THE late John Kennedy will leave a large hole to be filled – but also a strong legacy – at Cork City.
Skibbereen native Kennedy, who had been involved with the Rebel Army since 1989, died on Friday.
Hailing from Upper Bridge St in Skibb, he departed for Dublin in 1981 and returned to Cork seven years later. Having been involved in youth and community work, he joined Ógra Chorcaí in 1988 and remained until 2013, when the organisation merged with Foróige, for whom he was still working.
Social-media tributes summed up the trojan work he did, with Ronan Leonard tweeting: “I never thought an empty Turner’s Cross stadium could get emptier. Fare thee well, John.”
Cork City kit manager and former chairman Mick Ring feels that Kennedy embodied that volunteer ethos that keeps clubs like City going.
“We were elected to the board together in 2012,” he says, “and he was the vice-chairman with me then in 2013.
“I would have known John from going to matches since the 1990s but when we went on the board together we became friends, he was at my wedding in 2012.
“John was friends with everyone, he saw the best in everyone. The dedication was frightening, even when his board days were over he went back to the family enclosure.
“He was always the first in, putting up banners and flags, out at every underage game and collecting money on the gate – there was no task that was too menial for John. He rowed in wherever he had to.” Given that he gave so much to City, replacing him will be impossible.
“It’ll take more than one person and probably cost a fortune,” Ring says.
“There was so much that John did that, firstly, people don’t appreciate, secondly they don’t know about it and, thirdly, he wouldn’t want to have got credit for it.
“The untold work that he did behind the scenes, nobody will ever know. I think his legacy is already there with the family closure and there are plenty of good volunteers there, like Pat Sisk, who have stepped into the breach.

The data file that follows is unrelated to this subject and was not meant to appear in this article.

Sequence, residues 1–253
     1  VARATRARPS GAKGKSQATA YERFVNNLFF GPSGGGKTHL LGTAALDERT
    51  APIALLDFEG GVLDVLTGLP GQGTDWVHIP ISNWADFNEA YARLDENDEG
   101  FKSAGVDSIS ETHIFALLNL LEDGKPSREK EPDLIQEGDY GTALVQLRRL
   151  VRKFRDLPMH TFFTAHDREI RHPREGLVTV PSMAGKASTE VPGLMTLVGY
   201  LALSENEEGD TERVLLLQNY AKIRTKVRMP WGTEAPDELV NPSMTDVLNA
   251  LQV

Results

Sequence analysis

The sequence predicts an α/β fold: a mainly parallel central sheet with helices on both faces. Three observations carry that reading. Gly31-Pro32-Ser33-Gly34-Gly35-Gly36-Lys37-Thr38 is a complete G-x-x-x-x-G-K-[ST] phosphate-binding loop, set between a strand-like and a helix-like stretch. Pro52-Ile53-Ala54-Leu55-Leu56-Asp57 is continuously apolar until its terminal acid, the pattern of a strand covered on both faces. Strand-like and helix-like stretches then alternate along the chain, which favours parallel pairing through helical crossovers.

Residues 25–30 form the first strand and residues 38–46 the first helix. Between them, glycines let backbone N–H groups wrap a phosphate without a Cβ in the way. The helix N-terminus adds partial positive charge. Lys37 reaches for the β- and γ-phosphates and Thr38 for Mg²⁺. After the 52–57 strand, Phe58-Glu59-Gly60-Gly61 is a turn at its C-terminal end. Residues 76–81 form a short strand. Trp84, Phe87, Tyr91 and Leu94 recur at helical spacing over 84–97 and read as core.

“I was getting texts from people in Sligo, Dundalk – he was known all over the league and he’ll be badly missed.
“It’s a pity that we can’t do a proper tribute at the next home game. There’s plenty of other things we can do but 2020 has just been one blow after the other.
“League of Ireland has been tough and to lose someone like this on top of it is really a dagger through the heart.” Those sentiments were echoed by another former City chairman, John O’Sullivan.
“He had a brilliant way about him of making you forget that you were cynical yourself,” he says.
“You could be in the throes of talking about some topic and he had a softly-spoken passion that would ground you again and remind you about why you were doing it rather than the whys or the whats.
“I tried doing the maths on the family enclosure a few years ago – there have been up to 100,000 people, most of them kids, that have passed through since he started doing it in the Brian Lennox era.
“I used to be in the Shed, watching from a distance, watching it build, and then bringing my own kids there. They were mad about him, he was almost like Santa Claus in a green hoodie – the sweets and the drums and leading the cheers, making sure every group that was there felt welcome.
“Cork City are after losing a massive figure but we only got to see one aspect of that because he was involved in youth work and Foróige. I don’t know how he had time to do it with the amount of time he gave to City. He had a way about him and he was massively invested in young people.
“Even City’s presence in the St Patrick’s Day parade down through the years wouldn’t have happened only for John. He’s the only who’d have said that we’re a community club and that we had to push that. A lot of the positive things people associate with the club was down to John.
“I saw a suggestion, and I think it’s a good idea, that the family enclosure would be named after him.” In 2019, a special presentation to John Kennedy by the club marked 30 years of service, inspired by the late Noelle Feeney. It was a love he was sure would last forever.
“I had been to a few City games while I was in Dublin,” he said at the time, “then in 1988 I brought a group of kids from Farranree to a match in Turner’s Cross.
“I met Noelle Feeney, who gave her life to City, and as I attended more games I got to know here and was asked if I would get involved and become a volunteer.
“Initially, it was as a general steward and making teas and coffees but when Brian Lennox took over he wanted the club to become fully embedded in the community and be family-orientated. Since City became a supporters-run club under Foras, that ethos has continued.
“There have been a lot of ups and downs a lot of near misses in the time since but I’ve loved it!
“I always use the phrase, ‘City till I die – and beyond,’ one of these days I will go beyond but I’d like to think that, wherever I’m floating, I’ll still see the games.”